“The Mediterranean region is highly sensitive because it is at an interface between a tropical region in Africa and a temperate region in Europe. It’s very easy to shift between southern air and northern air origins, so even a small change can have a very big effect,” said one of the study’s co-authors, Joel Guiot, who is a professor at Aix-Marseille University and a research director at the French National Center for Scientific Research (CNRS).

Guiot’s study was published on the heels of the Paris Agreement on climate change. Since then, much of the optimism surrounding the deal has been deflated, especially with the departure of the U.S. from the landmark agreement.

“We have lost three years, and CO2 emissions have continued to increase. According to major studies, it’s still possible to keep warming below 1.5°C, but we have to act very quickly,” he added.

On top of the precarious location of the Mediterranean, the area has been exploited by humans since the Neolithic age, which brings further challenges to the region.

“Virgin Mediterranean landscapes don’t exist; the area has evolved with humans since the invention of agriculture. If people abandon certain areas for whatever reason, the land doesn’t just return to a pristine state. Its reaction is unpredictable, and that’s often when land degradation occurs,” said Del Barrio. 

A report published in late 2018 by European Union auditors found that between 2008 and 2017, the overall size of territory in Europe with high sensitivity to desertification increased by 177,000 km2 – an area as big as Greece and Slovakia combined. Within Europe, Bulgaria, Greece, Spain, Croatia, Italy, Cyprus, Latvia, Hungary, Malta, Portugal, Romania, Slovenia and Slovakia have all declared themselves affected by the process of desertification.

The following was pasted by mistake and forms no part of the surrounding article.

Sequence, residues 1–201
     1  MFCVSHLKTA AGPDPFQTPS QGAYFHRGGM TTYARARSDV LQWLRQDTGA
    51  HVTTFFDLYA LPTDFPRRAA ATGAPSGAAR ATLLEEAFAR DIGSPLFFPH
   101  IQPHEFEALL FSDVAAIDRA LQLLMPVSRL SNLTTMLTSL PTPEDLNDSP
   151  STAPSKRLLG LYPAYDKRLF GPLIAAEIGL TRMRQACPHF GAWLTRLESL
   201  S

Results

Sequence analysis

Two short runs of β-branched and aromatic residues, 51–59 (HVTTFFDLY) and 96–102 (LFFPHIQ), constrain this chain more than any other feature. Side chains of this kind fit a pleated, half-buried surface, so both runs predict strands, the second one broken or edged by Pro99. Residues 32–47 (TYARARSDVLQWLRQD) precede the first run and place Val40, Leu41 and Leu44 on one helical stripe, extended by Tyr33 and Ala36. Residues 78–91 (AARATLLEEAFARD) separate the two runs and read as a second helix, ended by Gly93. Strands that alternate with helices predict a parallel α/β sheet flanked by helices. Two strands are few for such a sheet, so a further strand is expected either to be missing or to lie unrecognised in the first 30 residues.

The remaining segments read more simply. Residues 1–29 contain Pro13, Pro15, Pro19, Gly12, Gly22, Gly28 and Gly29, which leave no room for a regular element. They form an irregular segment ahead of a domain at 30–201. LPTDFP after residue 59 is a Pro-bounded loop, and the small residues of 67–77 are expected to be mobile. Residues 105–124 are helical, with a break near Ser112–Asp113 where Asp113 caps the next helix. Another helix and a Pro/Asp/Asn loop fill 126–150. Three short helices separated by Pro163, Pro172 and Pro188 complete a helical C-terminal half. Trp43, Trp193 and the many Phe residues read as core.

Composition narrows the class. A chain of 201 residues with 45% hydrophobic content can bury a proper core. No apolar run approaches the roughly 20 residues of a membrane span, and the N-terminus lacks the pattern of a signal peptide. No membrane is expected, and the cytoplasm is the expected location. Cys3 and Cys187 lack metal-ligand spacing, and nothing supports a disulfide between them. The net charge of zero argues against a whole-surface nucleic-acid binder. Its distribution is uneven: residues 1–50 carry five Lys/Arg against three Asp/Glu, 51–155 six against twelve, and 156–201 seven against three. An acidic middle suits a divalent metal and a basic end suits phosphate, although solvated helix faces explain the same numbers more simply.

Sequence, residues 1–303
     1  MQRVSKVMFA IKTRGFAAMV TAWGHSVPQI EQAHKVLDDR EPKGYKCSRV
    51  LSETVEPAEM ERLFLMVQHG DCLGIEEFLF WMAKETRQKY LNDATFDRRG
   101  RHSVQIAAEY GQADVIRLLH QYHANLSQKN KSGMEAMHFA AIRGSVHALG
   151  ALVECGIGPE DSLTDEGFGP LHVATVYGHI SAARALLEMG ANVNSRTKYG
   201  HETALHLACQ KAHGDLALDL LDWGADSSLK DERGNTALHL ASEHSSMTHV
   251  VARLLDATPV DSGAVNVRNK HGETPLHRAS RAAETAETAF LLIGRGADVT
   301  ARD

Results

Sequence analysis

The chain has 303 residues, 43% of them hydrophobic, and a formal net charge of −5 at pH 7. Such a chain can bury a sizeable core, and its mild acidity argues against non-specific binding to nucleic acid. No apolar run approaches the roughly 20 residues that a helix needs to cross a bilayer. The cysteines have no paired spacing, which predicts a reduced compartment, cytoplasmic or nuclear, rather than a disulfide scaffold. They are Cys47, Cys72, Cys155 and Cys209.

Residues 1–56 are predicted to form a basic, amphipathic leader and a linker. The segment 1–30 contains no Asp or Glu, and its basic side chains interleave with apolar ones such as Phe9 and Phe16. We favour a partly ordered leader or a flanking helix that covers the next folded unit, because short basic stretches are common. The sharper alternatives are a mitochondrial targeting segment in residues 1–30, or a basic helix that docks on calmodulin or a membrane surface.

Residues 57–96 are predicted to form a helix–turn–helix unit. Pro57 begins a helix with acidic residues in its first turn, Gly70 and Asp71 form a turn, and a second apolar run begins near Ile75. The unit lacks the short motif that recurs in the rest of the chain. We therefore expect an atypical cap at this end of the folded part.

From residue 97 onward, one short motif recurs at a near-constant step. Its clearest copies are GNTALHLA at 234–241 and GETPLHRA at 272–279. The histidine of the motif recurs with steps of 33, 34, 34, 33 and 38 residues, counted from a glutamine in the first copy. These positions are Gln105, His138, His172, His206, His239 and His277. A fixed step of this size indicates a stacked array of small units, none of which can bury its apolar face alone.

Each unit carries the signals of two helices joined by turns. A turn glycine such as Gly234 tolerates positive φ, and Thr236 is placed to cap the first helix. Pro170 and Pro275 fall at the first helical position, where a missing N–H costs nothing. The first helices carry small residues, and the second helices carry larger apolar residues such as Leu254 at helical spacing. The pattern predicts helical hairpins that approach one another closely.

The same report also criticized the EU for its “limited coherence” around the subject. As a response, the European Commission has started an investigation on soil degradation.

But for now, desertification is silently creeping into countries around the world, taking its toll on biodiversity, local economies and populations.

“Loss of land for agricultural production will enhance migration from land to cities because people will lose their economic basis, as we can already observe. Especially elderly people may migrate northwards, so the number of retired people from northern countries currently living in the Mediterranean area may decline,” said EEA experts in a written response.

Within Spain, García-Fayos predicts more people will migrate from the country’s interior, which is already facing massive depopulation, to coastal areas with less extreme temperatures, creating what he calls “demographic deserts.”

Del Barrio also sees compounding challenges for those who are most affected by the desertification.

“Desertification happens after people have invested everything they could to establish themselves in places with ephemeral wealth. For example, families migrated to Almeria in Southern Spain and bought land that was productive during 10-20 years. But when the land degrades, those families -- who have invested everything they have in land that is now worth nothing -- get trapped. That causes social problems and makes emigration difficult,” he said.

According to Del Barrio, while only 1% of Spanish land is actively being desertified at the moment, around 20% of already desertified land is undergoing the complex process of regeneration. But despite efforts in countries like Spain to regenerate lost land and prevent desertification, Del Barrio suggests that isolated actions will not be enough to battle the problem.

“My personal opinion is that if extreme climate change scenarios come to fruition and the economic model in which land is exploited and then left behind continues, then the entire Mediterranean could face a catastrophic situation,” he said.